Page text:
I recently heard @team_tait describe teachers as educational athletes. I really liked his analogy. There’s no denying that the stamina, focus and commitment needed in the field of sport are akin to that required within the classroom. There are other important aspects in looking after the wellbeing of both these professions too – sleep, exercise and eating well. Often we find that sports people are far more disciplined in ensuring they get this balance right. Despite knowing better, this week I’ve skipped nutritious meals and instead eaten cereal, stayed up working til late and not exercised once! When I’m good I’m very very good, when I’m bad, I’m awful. But why are these the things I neglect, when I know how important they are in keeping me healthy and in peak condition for my performance as an educational athlete?
In recent months, we’ve heard lots about ‘flattening the curve.’ For the last few years, I’ve been attempting to try to flatten my own curve of extremes. Trying not to count the days til the weekend, but making every day count. Taking time for my wellbeing everyday, not just when I get to breaking point at the end of the week. Slowing down at weekends rather than jam-packing it with rushing around. And for someone who likes every minute of her day to feel worthwhile and productive, this has been difficult. But overall has helped me to experience a more contented and consistently balanced outlook on life. However, every so often, like this week, I need to check in with myself and give a gentle reminder to avoid the extremes of full-on intense weekdays, followed by weekends which I’m too shattered to enjoy.
This weekend I’ve escaped to my happy place – our caravan on the west coast. Like sports people, teachers need rest time too and could not possibly consistently perform without a break. The last few weeks have been incredibly busy and despite resolving not to, I’ve spent a big part of weekends doing school stuff. This weekend i know I need to recharge. For me, that’s reading (I finally got round to reading a magazine I bought during the summer holidays!), fresh air, running, time with family and with nature. A younger me, would have most definitely felt guilty in indulging in all these self-care activities. I would perhaps have told myself to ‘keep going’ convincing myself that you can ‘sleep when you are dead.’ But I’ve gradually realised that by taking time to look after me, the me I’m able to give to others, has so much more energy, positivity and patience. It is so important for me to know that I’m able to give the best of myself to my own boys as a mum, my learners as a teacher and my colleagues as a leader.
I think for teachers, it’s easy for us to get trapped in the martyr cycle. Yes teaching is often challenging, requires a huge amount of energy and some days it seems like the most difficult job in the world. But let’s not forget our why – it’s also a wonderful profession which is a privilege and honour to do day in, day out because of the impact our relationships can make on others. Without a healthy sense of our self and our life balance, I think it’s easy to feel overwhelmed, lack a sense of perspective and see the profession through a filter which often overlooks the best bits.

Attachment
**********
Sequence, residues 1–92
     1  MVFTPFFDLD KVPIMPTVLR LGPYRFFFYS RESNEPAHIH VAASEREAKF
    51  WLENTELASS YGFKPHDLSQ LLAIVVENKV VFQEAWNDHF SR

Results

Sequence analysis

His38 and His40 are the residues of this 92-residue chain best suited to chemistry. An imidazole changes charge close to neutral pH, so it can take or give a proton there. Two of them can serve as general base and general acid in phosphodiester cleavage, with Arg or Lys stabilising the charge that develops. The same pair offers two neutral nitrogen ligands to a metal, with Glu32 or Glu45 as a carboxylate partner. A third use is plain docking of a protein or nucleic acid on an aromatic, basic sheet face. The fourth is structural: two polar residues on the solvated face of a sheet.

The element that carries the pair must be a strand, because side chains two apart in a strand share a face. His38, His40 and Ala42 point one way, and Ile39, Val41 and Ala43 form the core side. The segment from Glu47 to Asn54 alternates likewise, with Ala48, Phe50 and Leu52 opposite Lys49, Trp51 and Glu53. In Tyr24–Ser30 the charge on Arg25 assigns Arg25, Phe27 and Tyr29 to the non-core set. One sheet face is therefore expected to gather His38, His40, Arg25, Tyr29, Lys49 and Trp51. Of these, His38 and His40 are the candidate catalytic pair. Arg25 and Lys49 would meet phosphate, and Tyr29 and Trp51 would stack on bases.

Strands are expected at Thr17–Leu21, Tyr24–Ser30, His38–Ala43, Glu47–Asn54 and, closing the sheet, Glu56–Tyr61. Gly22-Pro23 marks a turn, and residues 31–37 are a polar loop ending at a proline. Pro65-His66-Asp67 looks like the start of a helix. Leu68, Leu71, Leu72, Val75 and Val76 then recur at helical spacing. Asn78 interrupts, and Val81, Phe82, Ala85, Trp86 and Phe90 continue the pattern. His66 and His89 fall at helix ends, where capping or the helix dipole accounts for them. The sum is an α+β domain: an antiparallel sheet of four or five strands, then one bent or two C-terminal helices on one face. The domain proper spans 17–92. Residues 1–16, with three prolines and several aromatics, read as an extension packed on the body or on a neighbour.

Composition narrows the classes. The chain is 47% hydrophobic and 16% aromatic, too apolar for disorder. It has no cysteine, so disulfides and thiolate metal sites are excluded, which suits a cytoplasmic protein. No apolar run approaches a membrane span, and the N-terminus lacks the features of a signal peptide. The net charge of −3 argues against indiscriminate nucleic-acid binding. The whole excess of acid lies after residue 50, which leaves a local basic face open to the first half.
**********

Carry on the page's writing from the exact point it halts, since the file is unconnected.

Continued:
However it’s important to recognise, that even within the sports world, what works for a weightlifter, isn’t necessarily the same as what gets results for a tennis player. And it’s the same for us as educational athletes – we all need to approach wellbeing and self care in a way that works for us. For some, the idea of coming to the middle of nowhere with dodgy wifi in the rain, would not constitute an aid to wellbeing! ‘You do you.’ Whatever fills your cup back up, take time for it! Your perspective, your interactions and your resilience will all be impacted positively. ‘Self care is allowing you to give the best of you, not what’s left of you.’
Another big part of improving my own well-being and perspective, is ensuring that I have a supportive tribe with whom I can reflect, off load and build up in a safe, supportive and encouraging environment. Just as we would expect all sports people to have their own coach, so too is it important for teachers to have that one person who has our best interests at heart. Someone whose views we trust and respect. Someone who can be honest, yet encouraging. Coaching conversations can help athletes, and teachers, to reflect on their performance and improve. They can allow us to get things off our chest which may otherwise eat away at us and slowly consume our mindset making it difficult to move forward. There’s much research which has been done to support the notion that those with a ‘work best friend’ perform better. I would encourage you to seek out someone in your setting who you can build a positive relationship with. Someone who has your back, but will tell you when you are wrong. Who will inspire you, and whose views you can seek when you are unsure. I would suggest that the strength of these relationships can go a long way to creating a positive working culture. I am incredibly lucky that I am in this position and would encourage others to seek out the teachers in the school whom they respect and can learn from. For me, this helps me hugely to maintain perspective as well as grow.
I don’t have it all ‘sorted.’ I doubt many do. I still have days where I’m so exhausted the smallest thing makes me cry. I still get overwhelmed. Some days are harder than others. But my reflections are helping and finding what works for me is halfway to maintaining a positive work/life balance. The beauty is that I enjoy my job so much more when I’m recharged, refreshed and able to give my all.
Enjoy the rest of the weekend and as always, look after yourself and have a fantastic week!